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Structural Plasticity in Neuronal Networks


Mysore, Shreesh Pranesh (2007) Structural Plasticity in Neuronal Networks. Dissertation (Ph.D.), California Institute of Technology. doi:10.7907/EVYW-EY02.


Neuronal networks are established during development by the formation of connections (synapses) between neurons. Once formed, these synapses undergo experience-dependent modifications throughout the lifespan of the animal (synaptic plasticity). Additionally, the connectivity pattern itself can be modified in an activity-dependent manner (architectural plasticity). Changes in the structure of synapses, neurons, and networks – collectively called structural plasticity – are the predominant mechanisms for changes in the network architecture in the brain. Structural plasticity forms the focus of this thesis and motivates both the experimental and the computational modeling work reported here. With experiments, we look in detail at one form of structural plasticity, namely dendritic spine dynamics. We develop a unified approach to characterize motility and use this both to detect subtle forms of structural dynamics and to uncover novel phenomena in it. We show that disruption of N-cadherin, a synaptic adhesion molecule, causes spines to first be more motile and to shrink in length, and then to be lost. Along with this, synapses are eliminated as well. For the first time, we show that early structural changes can predict later synapse elimination, suggesting that early dynamics may be readouts for future changes in the neural wiring diagram. We also address some of the related mechanistic questions. In our computational modeling work, we address structural plasticity at the next higher scale of complexity. We provide a novel, neurobiologically plausible, and experimentally consistent explanation for how changes in visual experience may produce axogenesis and the formation of new synaptic pathways in the barn owl auditory localization system. We discuss implications of architectural plasticity to the representational power of networks and explore links with statistical learning theory. Taken together, our work argues that architectural changes are a powerful and indispensable form of neural plasticity and sheds new light on the mechanisms of structural plasticity in the brain, thereby contributing to our understanding of learning and memory.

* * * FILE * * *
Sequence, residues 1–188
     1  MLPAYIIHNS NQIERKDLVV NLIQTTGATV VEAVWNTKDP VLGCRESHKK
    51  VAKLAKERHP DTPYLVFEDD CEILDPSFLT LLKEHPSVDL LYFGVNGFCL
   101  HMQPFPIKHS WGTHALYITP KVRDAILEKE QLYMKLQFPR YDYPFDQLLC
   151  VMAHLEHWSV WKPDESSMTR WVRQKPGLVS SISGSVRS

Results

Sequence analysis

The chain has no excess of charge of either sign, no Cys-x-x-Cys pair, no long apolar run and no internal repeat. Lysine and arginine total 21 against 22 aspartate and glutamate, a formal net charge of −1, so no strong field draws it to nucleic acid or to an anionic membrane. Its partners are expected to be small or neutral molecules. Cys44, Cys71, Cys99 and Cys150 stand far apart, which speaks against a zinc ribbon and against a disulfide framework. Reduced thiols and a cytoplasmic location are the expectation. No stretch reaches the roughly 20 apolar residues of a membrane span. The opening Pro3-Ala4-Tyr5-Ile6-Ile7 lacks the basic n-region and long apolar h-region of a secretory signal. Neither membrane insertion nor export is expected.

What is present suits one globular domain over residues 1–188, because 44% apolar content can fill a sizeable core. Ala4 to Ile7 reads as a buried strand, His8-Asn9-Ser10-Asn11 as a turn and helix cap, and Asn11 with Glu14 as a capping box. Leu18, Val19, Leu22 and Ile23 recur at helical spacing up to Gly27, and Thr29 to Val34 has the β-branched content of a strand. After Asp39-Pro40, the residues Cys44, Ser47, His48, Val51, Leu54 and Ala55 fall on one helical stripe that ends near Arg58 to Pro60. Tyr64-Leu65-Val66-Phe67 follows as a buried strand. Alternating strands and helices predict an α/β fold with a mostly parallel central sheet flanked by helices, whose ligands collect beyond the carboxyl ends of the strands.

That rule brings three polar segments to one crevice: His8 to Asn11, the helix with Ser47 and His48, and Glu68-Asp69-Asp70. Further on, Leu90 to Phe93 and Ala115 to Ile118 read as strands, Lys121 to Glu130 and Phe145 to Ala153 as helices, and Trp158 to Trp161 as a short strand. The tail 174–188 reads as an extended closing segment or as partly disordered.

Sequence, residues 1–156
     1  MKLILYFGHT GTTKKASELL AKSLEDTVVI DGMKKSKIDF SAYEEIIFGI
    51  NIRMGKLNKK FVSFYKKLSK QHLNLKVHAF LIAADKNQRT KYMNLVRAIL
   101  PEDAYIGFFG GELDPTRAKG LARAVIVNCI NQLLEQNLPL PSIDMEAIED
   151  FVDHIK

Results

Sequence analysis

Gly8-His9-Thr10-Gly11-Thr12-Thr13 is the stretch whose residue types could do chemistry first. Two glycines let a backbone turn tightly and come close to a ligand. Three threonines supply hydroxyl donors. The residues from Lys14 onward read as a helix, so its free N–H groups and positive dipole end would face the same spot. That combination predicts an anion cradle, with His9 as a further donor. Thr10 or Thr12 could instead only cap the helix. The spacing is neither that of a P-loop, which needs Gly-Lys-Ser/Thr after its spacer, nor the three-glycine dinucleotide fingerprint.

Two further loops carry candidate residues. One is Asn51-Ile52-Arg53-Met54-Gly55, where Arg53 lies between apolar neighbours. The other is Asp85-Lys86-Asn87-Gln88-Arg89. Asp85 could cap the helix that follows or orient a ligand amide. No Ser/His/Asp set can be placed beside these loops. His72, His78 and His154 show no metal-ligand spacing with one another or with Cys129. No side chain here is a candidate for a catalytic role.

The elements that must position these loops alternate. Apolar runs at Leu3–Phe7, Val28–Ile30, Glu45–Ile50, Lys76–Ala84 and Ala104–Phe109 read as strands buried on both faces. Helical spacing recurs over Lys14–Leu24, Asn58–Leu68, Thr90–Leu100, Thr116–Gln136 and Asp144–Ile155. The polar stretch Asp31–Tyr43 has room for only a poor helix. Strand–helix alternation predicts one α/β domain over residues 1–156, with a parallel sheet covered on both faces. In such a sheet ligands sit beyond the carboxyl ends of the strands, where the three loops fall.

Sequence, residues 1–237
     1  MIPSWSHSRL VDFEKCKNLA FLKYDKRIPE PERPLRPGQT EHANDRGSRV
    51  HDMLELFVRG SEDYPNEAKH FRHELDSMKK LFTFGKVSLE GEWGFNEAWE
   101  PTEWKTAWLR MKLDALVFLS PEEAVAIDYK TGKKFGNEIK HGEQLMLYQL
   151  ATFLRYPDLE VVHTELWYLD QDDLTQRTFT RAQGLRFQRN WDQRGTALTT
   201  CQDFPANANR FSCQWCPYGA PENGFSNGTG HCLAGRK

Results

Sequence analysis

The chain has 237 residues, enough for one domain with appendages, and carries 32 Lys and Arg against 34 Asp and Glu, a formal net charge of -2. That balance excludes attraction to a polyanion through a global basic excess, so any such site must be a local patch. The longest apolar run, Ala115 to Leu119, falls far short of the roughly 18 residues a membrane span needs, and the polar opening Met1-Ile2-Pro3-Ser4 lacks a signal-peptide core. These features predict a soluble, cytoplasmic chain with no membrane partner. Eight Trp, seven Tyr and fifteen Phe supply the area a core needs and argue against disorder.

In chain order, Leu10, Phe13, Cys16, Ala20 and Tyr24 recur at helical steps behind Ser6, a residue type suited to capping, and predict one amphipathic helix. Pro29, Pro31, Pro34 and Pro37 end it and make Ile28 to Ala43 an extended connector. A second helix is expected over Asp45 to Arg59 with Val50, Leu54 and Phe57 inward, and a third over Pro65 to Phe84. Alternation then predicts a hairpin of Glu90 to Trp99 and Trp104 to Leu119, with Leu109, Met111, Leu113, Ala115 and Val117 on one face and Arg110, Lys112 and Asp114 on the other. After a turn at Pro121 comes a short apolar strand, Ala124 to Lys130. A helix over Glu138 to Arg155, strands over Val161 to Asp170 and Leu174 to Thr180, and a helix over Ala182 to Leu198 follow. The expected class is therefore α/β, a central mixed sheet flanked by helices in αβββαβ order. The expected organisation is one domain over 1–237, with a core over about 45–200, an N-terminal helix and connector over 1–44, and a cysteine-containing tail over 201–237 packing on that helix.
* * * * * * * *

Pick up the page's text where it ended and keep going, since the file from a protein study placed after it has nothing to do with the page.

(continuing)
Item Type:Thesis (Dissertation (Ph.D.))
Subject Keywords:architectural plasticity; auditory localization; barn owl; computational modeling; confocal microscopy; dendritic spines; hippocampus; integrate and fire neurons; n-cadherin; neural plasticity; spike time dependent plasticity; spine motility; structural plasticity; time-lapse imaging
Degree Grantor:California Institute of Technology
Division:Engineering and Applied Science
Major Option:Control and Dynamical Systems
Minor Option:Neurobiology
Thesis Availability:Public (worldwide access)
Research Advisor(s):
  • Schuman, Erin Margaret (advisor)
  • Quartz, Steven R. (co-advisor)
Thesis Committee:
  • Schuman, Erin Margaret (chair)
  • Quartz, Steven R. (co-chair)
  • Koch, Christof
  • Murray, Richard M.
Defense Date:25 September 2006
Non-Caltech Author Email:shreesh.mysore (AT)
Record Number:CaltechETD:etd-11102006-021149
Persistent URL:
Mysore, Shreesh Pranesh0000-0002-7781-8252
Default Usage Policy:No commercial reproduction, distribution, display or performance rights in this work are provided.
ID Code:4496
Deposited By: Imported from ETD-db
Deposited On:13 Nov 2006
Last Modified:30 Aug 2022 22:26

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